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How Things Might Have BeenIndividuals, Kinds, and Essential Properties$
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Penelope Mackie

Print publication date: 2006

Print ISBN-13: 9780199272204

Published to Oxford Scholarship Online: September 2006

DOI: 10.1093/0199272204.001.0001

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The Necessity of Origin

The Necessity of Origin

(p.93) 6 The Necessity of Origin
How Things Might Have Been

Penelope Mackie (Contributor Webpage)

Oxford University Press

This chapter argues that the intuitive appeal of Kripke’s necessity of origin thesis can be explained by seeing the thesis as the consequence of a temporally asymmetrical ‘branching model’ of de re possibilities, which, in turn, rests on two principles concerning possibility, time, and identity called ‘the assumption of open futures’ and ‘the overlap requirement’. This explanation of the necessity of origin intuition is defended against a standard objection, and compared with two other proposed explanations. It is also argued that the explanation of the intuitive appeal of the necessity of origin thesis does not justify that thesis, principally because the ultimate defensibility of the overlap requirement is doubtful. The chapter concludes by suggesting that the necessity of origin thesis advocated by Kripke and others should be rejected in favour of a weaker thesis called ‘the tenacity of origin’, that does not imply that distinctive features of an individual’s origin are among its essential properties.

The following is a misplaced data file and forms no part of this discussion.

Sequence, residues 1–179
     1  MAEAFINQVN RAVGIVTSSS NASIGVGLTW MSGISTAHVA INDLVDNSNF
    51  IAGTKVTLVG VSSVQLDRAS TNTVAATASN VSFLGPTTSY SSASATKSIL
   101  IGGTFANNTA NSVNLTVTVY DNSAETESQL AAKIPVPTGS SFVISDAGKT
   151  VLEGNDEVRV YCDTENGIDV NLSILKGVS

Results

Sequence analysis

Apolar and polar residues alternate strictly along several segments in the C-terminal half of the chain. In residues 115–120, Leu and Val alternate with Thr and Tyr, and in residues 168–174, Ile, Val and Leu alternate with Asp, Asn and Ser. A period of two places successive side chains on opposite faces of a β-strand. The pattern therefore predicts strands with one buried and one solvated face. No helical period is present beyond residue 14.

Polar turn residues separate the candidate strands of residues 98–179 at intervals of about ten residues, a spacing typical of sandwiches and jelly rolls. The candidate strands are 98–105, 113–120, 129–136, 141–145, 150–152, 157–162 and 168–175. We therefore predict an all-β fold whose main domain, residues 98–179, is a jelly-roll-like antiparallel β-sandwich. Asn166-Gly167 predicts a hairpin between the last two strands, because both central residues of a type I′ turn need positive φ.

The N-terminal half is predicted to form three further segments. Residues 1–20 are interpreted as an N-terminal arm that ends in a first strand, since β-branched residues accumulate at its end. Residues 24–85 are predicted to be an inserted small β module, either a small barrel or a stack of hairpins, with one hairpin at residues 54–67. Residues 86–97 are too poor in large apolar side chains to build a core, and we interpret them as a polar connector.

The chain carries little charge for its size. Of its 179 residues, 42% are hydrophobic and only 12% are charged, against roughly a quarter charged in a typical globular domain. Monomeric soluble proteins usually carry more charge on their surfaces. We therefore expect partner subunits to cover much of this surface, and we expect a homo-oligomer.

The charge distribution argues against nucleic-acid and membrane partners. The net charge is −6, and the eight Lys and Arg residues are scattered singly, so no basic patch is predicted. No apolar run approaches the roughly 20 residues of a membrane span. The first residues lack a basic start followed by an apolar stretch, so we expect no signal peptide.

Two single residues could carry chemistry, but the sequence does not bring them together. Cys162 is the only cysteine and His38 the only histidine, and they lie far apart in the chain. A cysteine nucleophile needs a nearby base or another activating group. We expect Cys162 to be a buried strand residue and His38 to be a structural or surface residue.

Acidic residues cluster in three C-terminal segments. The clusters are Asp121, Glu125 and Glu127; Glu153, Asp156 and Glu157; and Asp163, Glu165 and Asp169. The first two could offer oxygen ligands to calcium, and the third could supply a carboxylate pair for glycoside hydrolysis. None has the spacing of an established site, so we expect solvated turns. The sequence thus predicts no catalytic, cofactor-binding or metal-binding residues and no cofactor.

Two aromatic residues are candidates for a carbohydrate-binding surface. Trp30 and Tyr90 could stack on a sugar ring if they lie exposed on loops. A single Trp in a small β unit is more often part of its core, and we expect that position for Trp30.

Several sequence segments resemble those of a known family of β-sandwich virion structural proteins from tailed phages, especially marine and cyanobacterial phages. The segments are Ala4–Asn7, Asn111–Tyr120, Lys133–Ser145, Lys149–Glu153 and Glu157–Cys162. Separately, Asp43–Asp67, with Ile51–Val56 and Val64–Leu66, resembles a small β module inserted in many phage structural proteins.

Keywords:   branching model, Kripke, McGinn, necessity of origin, open future, overlap requirement, sufficiency of origin, tenacity of origin

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